We would recommend Proven’s cleanser over the brand’s moisturizer.
But how do real users rate and describe the effects of Proven Skincare? We’ll feature some unsponsored customer reviews in the next section.
Real Users Review Proven Skincare
A YouTube creator named Cassandra Bankson reviewed Proven Skincare along with two other personalized skincare brands. We’ve timestamped the video below to start when she begins discussing Proven:
A YouTube creator named “hannyybakes” had a more favorable review of Proven Skincare:
Is Personalized Skincare Overrated?
Personalized skincare makes sense logically: everyone has a unique skin biome and unique genetics, which suggests that tailored skincare formulations could yield optimal results.
However, we haven’t come across much convincing medical evidence that personalized skincare is actually effective based on current technology.
As we discussed at length in our review of personalized cosmetics brand Spoiled Child, we haven’t come across any clinical studies comparing personalized skincare to off-the-shelf skincare products and finding personalized skincare to be more effective.
Proven Skincare does appear to be clinically tested, which is a good sign of the brand’s legitimacy, but without a comparison to standard skincare formulations we cannot confirm the necessity or benefit of personalized formulations like those sold by Proven.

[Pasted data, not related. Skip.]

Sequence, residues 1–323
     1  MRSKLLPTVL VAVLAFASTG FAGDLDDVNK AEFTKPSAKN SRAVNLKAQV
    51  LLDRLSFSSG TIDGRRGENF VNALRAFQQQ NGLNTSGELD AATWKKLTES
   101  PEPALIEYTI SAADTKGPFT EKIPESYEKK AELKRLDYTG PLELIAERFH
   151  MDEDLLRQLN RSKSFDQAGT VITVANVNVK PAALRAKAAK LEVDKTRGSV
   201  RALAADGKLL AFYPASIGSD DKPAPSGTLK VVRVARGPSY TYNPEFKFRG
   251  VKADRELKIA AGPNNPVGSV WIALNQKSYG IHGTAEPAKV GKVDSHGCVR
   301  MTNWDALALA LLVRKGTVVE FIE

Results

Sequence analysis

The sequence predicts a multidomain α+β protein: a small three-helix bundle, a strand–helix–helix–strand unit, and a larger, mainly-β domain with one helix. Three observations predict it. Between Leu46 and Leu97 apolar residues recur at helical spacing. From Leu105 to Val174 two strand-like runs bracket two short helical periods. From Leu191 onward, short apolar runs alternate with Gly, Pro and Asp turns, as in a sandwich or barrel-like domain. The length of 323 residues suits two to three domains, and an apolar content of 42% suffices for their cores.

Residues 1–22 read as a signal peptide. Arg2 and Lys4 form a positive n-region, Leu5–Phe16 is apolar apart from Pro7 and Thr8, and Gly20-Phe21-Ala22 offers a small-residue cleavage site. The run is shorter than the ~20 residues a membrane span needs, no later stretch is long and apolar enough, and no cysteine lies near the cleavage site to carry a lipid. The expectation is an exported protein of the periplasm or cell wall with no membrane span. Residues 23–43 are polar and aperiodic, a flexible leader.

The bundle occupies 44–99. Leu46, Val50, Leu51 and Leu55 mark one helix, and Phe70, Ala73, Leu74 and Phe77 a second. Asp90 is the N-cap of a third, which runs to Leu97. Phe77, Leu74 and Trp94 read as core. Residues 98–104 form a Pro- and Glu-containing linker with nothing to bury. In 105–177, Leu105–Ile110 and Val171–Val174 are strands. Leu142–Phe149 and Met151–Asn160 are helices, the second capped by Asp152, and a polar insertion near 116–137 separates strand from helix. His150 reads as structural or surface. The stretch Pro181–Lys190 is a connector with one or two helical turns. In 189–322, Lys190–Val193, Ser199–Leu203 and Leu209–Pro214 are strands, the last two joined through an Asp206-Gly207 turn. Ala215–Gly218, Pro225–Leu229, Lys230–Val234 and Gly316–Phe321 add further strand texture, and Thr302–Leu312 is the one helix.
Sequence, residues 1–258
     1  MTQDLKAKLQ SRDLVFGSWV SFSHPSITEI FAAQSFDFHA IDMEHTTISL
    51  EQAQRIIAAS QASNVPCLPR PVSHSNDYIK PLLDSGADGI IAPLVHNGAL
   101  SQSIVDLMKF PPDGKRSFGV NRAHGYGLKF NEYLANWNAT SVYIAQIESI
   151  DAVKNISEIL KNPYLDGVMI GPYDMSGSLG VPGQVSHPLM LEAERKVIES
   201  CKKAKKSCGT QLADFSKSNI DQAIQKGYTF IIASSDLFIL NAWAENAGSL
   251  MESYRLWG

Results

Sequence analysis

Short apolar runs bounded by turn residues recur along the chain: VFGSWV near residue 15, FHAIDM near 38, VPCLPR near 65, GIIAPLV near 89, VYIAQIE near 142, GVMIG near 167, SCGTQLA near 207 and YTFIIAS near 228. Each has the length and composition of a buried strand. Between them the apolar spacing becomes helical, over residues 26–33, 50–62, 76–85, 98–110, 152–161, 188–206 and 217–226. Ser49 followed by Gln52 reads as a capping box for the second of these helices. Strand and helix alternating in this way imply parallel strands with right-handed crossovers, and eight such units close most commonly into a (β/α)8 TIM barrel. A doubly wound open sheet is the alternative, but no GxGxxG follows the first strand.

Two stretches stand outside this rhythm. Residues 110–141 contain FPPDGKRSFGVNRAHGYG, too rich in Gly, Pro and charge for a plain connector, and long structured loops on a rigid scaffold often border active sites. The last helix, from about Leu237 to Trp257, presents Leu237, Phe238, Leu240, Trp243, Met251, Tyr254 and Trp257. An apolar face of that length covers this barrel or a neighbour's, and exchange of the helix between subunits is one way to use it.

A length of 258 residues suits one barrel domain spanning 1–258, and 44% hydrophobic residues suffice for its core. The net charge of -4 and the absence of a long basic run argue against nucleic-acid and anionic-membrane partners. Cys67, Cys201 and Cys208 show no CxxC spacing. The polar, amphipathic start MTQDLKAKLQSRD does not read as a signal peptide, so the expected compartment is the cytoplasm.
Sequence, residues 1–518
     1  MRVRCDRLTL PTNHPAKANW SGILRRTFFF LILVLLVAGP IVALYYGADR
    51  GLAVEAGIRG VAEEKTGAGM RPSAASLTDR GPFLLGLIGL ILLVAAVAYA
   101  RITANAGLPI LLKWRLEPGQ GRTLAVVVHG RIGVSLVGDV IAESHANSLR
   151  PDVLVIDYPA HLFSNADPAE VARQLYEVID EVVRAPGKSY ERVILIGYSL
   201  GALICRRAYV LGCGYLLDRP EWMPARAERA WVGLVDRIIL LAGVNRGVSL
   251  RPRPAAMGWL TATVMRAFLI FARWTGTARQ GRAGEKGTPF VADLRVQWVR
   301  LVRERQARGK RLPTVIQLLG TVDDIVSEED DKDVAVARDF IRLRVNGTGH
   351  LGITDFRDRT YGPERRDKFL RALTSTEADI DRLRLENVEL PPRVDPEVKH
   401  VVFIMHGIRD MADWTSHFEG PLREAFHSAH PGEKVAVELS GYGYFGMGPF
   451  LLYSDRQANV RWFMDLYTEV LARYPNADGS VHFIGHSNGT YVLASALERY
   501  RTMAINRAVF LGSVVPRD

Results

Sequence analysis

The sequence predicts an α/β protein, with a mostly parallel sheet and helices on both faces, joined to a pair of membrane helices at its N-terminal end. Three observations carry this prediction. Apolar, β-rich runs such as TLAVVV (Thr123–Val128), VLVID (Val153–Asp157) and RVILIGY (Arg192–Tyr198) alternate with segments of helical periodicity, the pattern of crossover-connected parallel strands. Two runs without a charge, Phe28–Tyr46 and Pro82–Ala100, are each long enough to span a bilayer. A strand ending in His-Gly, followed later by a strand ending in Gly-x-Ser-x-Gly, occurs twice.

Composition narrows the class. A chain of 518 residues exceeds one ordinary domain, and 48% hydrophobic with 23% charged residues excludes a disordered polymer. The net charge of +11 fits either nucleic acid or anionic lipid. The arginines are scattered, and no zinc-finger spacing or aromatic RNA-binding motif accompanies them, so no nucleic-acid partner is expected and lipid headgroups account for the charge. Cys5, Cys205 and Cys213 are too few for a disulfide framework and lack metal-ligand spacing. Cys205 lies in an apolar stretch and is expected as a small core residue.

Our Clean Skincare Picks
There are skincare products that contain ingredients shown in clinical trials to be effective for reducing wrinkles and improving skin quality generally.
Annie Mak Vitamin C Serum is our top skin cream pick because of its effective and clean formulation. It contains hyaluronic acid which was described as a "skin-rejuvenating biomedicine" in a medical review due to its ability to reduce wrinkles and signs of facial aging.
Interested consumers can check out Annie Mak Vitamin C Serum at this link to the product page on the official brand's website.
Interested consumers can check out HydraGlow at this link to the product page on the official brand's website.
The only oral supplement we recommend for skin quality improvement is Bulletproof Collagen Powder.
Oral collagen supplementation was shown in a medical review published in the Journal of Drugs in Dermatology to improve visible signs of skin aging as well as improve skin elasticity and skin hydration.
Interested consumers can check out Bulletproof Collagen Powder at this link to the product page on the brand's official website.
None of the products recommended in this section contain additive ingredients that we consider questionable from a health perspective.
Pros and Cons of Proven Skincare
Here are the pros and cons of Proven Skincare in our opinion:
- Clinically tested
- Cleanser should improve skin quality
- Moisturizer should improve skin hydration
- Cleanser has no inactive ingredients we consider questionable
- Ingredient lists for personalized products are missing based on our test
- We can’t find convincing evidence for personalized skincare
- Moisturizer contains fragrance
- Moisturizer contains phenoxyethanol